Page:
(RxWiki News) When menopause happens, lots of significant things happen to your body. A biggie is an inability to conceive, which may impact a woman's decision about how much time she has left to start a family.
Researchers have developed a way of predicting when a woman will hit menopause using a simple blood test.
Women participating in the study had an average “miss” of the predicted age and the actual age of menopause of only 4 months
"Blood tests predicting menopause will help with family planning for working women."
Dr. Ramezani Tehrani and her team took blood samples from 266 women, aged 20-40, and measured the concentrations of anti-Mullerian Hormone (AMH) which is produced by cells in women’s ovaries.
63 of the women reached menopause during the 6 years of the study. AMH controls developing the follicles which in turn develop into fertilizable eggs.
Then researchers took another blood sample from all the women measuring AMH after three years and a third blood sample measuring AMH once again after another threre years. This gave researchers a trend in AMH levels for each individual study participant. The maximum margin of error was between three and four years.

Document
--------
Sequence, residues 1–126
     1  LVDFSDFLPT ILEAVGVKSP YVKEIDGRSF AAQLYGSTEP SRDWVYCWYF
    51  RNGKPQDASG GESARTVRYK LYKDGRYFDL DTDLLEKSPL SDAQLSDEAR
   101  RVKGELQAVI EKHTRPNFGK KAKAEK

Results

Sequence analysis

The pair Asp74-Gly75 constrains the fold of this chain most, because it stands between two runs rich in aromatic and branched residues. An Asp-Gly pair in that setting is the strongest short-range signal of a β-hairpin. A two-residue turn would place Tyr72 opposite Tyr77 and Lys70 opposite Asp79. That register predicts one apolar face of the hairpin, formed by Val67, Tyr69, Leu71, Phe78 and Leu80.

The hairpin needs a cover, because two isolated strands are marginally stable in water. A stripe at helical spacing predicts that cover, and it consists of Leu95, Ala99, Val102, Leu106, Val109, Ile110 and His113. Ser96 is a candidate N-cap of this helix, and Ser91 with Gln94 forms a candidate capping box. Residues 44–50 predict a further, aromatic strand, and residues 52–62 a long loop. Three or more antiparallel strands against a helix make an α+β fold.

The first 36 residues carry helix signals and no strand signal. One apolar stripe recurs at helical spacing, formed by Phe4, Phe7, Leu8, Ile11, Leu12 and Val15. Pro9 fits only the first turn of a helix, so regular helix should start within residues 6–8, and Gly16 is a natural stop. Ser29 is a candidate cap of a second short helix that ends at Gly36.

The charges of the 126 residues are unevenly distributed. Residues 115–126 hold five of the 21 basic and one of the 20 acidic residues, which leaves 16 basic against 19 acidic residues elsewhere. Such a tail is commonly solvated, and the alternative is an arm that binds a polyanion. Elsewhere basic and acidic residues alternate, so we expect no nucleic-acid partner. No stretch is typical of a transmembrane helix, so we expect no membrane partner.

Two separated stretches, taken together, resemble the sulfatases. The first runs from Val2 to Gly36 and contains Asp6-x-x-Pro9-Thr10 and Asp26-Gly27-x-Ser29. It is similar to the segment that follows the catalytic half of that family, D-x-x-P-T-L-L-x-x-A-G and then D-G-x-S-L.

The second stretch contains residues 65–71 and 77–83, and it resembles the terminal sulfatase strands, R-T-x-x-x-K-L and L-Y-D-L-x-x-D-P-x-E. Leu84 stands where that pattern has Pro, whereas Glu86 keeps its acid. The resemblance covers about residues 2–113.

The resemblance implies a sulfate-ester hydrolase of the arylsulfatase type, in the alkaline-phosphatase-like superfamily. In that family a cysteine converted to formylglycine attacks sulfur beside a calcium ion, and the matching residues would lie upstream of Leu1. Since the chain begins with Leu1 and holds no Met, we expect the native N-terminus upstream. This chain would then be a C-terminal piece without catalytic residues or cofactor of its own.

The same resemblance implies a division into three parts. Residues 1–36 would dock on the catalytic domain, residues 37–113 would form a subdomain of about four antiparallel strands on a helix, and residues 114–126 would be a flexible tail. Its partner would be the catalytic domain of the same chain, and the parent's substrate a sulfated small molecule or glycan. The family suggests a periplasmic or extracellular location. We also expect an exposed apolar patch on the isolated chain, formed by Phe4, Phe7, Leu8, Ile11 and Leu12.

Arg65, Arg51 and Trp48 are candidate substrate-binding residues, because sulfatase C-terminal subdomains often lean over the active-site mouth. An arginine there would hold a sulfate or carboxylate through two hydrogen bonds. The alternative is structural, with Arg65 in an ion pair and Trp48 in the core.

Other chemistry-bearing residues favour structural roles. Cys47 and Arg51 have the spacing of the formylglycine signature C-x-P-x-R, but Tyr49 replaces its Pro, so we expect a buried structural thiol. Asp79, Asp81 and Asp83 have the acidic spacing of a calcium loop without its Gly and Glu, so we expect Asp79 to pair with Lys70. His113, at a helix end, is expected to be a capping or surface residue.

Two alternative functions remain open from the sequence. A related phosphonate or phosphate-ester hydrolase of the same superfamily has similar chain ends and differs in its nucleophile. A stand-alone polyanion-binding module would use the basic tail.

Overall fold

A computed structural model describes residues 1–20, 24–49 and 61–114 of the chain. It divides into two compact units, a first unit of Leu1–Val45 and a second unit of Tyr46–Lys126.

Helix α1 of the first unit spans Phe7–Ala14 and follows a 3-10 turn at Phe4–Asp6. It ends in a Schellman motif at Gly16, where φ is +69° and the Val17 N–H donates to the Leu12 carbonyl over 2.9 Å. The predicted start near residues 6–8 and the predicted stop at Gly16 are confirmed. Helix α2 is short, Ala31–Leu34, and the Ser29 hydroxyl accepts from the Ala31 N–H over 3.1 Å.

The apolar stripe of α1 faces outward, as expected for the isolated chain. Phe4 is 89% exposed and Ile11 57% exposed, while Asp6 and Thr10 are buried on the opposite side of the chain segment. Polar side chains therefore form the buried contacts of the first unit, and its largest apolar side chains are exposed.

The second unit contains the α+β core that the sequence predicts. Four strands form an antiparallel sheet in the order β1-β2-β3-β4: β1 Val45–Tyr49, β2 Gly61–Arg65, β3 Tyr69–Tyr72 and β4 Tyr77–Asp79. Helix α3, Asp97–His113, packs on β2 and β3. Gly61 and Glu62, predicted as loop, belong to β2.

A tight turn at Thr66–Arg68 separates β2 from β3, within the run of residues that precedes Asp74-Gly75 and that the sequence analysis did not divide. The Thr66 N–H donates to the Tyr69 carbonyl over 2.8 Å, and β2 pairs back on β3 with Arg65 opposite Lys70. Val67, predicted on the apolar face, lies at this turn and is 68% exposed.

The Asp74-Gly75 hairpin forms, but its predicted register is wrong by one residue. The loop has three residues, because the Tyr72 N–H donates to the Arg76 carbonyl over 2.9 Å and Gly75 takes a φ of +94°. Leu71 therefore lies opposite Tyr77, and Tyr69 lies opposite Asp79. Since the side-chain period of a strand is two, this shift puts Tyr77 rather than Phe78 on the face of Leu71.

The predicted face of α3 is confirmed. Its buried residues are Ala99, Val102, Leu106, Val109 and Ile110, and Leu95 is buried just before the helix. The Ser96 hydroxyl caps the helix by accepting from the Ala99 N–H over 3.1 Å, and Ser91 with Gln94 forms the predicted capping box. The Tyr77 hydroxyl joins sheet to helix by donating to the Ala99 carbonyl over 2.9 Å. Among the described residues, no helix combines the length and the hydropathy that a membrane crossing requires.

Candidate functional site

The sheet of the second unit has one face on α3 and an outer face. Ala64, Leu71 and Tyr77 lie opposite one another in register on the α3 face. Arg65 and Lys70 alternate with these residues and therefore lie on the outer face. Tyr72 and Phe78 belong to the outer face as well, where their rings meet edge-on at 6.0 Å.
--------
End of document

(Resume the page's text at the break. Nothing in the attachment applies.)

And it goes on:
Dr. Tehrani’s team developed a statistical model for estimating the age at menopause derived from a single measurement of AMH concentration in serum from blood samples.
Using this model, they estimated mean average ages at menopause for women at different time points in their reproductive life span based on varying levels of serum AMH concentration model.
The subgroup of 63 women who reached menopause during the study had their time of menopause predicted by the blood test with an average difference of predicted menopause compared to actual menopause of only 4 months.
Dr Ramezani Tehrani stated, "The findings indicate that AMH is capable of specifying a woman's reproductive status more realistically than chronological age per se.
Considering that this is a small study that has looked at women over a period of time, larger studies starting with women in their twenties and following them for several years are needed to validate the accuracy of serum AMH concentration for the prediction of menopause in young women."